By Jack Fink

DALLAS (CBSDFW.COM) – Edna Pemberton told Dallas City Council members she was one of the community members who helped write the city’s teen curfew ordinance nearly 30 years ago and that it’s just as relevant today.

“It was community-driven, not police-written,” said Pemberton.

Pemberton was disappointed to hear this Friday, the ordinance that she and others worked so hard for in 1991 will expire.

“It shouldn’t have happened cause we’re bigger and better than that. We want to save, we don’t want to lose another young person,” she said.

Council Member Tennell Atkins, who stood next to Pemberton as she answered questions after the meeting said, “We’re kind of embarrassed a little bit we let it expire.”

Before the council could vote to reinstate it, there would have to be at least two public hearings.

Some council members expressed their frustrations to Police Chief Renee Hall.

Mayor Pro Tem Casey Thomas asked the Chief why it was allowed to expire, and Councilwoman Jennifer Gates said, “I’m disappointed that we’re at this point. You’re making suggestions on a new ordinance could be implemented but we’re allowing something to expire without the opportunity to have that continuity. That’s concerning.”

The Dallas Police Department briefed council members on the issue six months ago, and Chief Hall said her understanding was they would present potential changes after the ordinance expired. “I take full responsibility for that”, Hall said.

After the meeting, First Assistant Chief David Pughes told reporters, “We should have started earlier and may be mended some of those fixes and come to agreement prior to the place where we are now.”

The teen curfew is in effect between 9:00 a.m. and 2:30 p.m. on weekdays because youngsters are supposed to be in school.

At night, the curfew is between 11:00 p.m. and 6:00 a.m. Sunday through Thursday, and between midnight and 6:00 a.m. Friday and Saturday.

Records show in 2015, the cited 398 teens for violating the curfew, and a similar amount in 2016.

That number dropped to 283 in 2017, and 125 through mid-June of last year.

In 2017, 451 teens were victims of a crime during the same hours as the night curfew, and 485 teens were arrested for crimes during those hours.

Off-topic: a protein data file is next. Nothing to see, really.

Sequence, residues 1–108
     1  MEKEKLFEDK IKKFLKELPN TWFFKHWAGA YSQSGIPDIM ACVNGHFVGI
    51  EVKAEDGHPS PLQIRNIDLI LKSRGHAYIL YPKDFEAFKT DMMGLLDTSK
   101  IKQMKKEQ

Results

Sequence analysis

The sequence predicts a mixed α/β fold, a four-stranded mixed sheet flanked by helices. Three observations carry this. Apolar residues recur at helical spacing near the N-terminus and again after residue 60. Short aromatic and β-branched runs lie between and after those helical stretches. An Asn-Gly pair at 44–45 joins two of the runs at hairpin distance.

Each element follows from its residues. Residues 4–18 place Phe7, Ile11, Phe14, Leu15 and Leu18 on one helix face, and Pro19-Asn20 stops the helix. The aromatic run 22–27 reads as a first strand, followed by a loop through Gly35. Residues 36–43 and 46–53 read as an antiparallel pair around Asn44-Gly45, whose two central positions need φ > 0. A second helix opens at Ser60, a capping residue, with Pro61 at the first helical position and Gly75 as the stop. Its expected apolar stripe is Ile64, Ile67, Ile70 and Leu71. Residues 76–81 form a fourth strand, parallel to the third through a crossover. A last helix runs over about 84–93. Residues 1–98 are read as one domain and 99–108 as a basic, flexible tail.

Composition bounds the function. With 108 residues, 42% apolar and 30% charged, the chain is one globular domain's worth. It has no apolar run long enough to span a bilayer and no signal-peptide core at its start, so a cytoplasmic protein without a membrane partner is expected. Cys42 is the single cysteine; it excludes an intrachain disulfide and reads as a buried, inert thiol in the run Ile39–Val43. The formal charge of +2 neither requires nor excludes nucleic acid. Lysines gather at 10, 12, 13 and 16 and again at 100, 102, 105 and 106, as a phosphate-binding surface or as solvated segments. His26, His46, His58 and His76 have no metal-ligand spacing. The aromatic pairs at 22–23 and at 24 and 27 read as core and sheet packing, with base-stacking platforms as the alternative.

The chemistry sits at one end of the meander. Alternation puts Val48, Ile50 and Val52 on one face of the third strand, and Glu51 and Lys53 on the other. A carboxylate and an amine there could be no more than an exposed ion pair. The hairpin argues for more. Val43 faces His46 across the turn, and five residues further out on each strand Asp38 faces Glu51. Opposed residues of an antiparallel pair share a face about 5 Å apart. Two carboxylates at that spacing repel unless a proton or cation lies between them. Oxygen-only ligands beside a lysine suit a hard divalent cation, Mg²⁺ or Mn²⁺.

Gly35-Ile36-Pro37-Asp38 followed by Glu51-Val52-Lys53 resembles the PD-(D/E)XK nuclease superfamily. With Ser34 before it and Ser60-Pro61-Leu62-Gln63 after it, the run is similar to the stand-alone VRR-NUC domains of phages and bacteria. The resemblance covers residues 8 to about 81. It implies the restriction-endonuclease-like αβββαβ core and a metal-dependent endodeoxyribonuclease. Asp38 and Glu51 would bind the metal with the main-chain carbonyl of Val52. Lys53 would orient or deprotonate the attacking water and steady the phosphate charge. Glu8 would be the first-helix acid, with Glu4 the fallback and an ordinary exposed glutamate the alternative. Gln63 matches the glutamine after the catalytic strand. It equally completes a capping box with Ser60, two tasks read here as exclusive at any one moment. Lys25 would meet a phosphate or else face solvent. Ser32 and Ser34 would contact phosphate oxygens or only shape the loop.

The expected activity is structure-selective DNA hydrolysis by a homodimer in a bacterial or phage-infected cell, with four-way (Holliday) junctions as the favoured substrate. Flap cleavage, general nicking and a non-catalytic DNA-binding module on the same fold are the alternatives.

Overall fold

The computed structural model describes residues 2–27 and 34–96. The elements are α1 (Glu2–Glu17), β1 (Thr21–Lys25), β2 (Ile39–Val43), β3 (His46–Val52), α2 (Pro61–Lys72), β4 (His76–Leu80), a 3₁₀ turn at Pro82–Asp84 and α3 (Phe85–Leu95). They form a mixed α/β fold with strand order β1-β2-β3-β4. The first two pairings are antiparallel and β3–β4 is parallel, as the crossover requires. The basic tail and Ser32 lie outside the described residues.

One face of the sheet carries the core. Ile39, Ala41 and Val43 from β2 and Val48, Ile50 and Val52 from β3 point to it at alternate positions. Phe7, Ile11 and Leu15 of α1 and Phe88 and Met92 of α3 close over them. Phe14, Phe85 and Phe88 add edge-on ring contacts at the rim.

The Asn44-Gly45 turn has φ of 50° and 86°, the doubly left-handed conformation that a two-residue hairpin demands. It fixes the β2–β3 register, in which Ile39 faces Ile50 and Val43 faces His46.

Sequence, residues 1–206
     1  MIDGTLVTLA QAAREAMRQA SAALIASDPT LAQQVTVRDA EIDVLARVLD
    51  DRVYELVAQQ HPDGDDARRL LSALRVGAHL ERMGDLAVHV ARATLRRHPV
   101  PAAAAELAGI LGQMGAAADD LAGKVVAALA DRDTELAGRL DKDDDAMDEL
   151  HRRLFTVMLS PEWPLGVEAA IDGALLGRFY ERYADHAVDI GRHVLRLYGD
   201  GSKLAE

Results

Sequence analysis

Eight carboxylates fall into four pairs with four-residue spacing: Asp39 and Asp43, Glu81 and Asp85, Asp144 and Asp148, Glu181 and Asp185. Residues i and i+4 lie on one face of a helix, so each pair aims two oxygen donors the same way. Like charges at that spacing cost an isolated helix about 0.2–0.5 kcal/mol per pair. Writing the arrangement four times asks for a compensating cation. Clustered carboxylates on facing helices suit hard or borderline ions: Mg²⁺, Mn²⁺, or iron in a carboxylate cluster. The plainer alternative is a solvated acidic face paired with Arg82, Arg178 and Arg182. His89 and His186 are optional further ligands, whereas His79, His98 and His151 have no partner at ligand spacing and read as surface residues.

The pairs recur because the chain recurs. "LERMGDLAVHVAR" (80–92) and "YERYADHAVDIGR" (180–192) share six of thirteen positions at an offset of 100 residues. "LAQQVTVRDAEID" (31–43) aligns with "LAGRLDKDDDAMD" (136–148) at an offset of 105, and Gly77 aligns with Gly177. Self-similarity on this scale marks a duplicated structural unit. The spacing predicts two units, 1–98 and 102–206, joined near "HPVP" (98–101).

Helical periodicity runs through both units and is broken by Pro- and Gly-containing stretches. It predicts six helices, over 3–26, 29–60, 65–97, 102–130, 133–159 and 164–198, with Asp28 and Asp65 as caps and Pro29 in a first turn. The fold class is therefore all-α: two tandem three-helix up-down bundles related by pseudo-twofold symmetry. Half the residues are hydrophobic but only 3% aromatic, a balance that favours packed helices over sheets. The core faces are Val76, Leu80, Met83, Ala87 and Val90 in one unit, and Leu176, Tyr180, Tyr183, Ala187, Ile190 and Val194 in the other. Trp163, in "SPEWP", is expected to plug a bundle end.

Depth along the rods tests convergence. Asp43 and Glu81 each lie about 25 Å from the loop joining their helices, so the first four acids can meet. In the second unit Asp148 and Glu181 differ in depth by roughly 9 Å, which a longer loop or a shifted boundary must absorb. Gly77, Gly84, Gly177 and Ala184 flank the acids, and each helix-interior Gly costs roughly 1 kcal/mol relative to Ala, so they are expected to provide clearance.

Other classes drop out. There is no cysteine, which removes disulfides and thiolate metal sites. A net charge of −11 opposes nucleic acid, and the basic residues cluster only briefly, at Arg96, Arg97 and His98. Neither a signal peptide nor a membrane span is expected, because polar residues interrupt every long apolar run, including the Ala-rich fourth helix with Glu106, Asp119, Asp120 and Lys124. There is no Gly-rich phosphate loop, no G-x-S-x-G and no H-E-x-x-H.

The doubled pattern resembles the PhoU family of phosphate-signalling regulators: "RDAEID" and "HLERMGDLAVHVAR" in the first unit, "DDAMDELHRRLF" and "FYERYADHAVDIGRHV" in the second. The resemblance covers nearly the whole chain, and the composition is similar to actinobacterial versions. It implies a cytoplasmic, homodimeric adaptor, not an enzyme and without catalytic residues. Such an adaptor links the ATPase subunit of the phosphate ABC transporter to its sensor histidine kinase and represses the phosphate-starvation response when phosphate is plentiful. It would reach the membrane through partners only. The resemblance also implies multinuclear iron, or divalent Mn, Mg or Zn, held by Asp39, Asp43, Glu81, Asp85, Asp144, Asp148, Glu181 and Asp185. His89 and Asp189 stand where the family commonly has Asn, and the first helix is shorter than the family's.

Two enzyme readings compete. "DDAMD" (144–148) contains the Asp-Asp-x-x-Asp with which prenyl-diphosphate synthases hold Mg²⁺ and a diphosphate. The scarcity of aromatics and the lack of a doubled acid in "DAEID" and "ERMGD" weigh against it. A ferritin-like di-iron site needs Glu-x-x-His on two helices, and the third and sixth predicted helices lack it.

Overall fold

But at least one council member, Omar Narvaez, expressed concern about the demographics of the youngsters cited as part of the enforcement of the curfew.

Records show between January 1, 2017 through mid-June of last year, 408 teens were cited.

Of those, 289 or 71 percent were Hispanic, 75 or 18 percent were African-American, and 41 or 10 percent were white.

Narvaez told council members, “There’s an over-representation of Latino youth and curfew citations. This is significant. This is a big deal.”

Dallas Police Association President Mike Mata said he’s concerned about not having an ordinance, even if temporarily. “The problem is they can very easily and quickly just walk away from us and so we need a took that allows us to detain them, to talk to them, to find out what their needs are.”

Mata says he wants the ordinance reinstated so that police have a tool they can use to protect teens.

Hilda Duarte, who lives in Narvaez’s council district, opposes the ordinance and says the city should provide programs for youngsters overnight. “They can say if you’re building in West Dallas, we’ll give you $3 million for the beautiful theatre, we’ll give you $1 million for a skating rink. Why don’t they look at that?”

If and when council members vote to reinstate the teen curfew, Police Chief Hall said she would like to decriminalize the ordinance so that youngsters and their families don’t have to pay hundreds of dollars in fines as they do now for violations.

Many on the council agreed.

As of Monday evening, there was no word from the city when the Dallas City Council’s public hearings and a vote on the ordinance would be scheduled.